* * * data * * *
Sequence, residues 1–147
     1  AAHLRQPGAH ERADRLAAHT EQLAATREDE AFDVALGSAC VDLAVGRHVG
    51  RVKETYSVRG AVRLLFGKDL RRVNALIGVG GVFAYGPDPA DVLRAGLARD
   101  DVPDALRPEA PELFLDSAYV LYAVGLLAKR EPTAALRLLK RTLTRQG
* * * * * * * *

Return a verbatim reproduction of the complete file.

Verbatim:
Sequence, residues 1–147
     1  AAHLRQPGAH ERADRLAAHT EQLAATREDE AFDVALGSAC VDLAVGRHVG
    51  RVKETYSVRG AVRLLFGKDL RRVNALIGVG GVFAYGPDPA DVLRAGLARD
   101  DVPDALRPEA PELFLDSAYV LYAVGLLAKR EPTAALRLLK RTLTRQG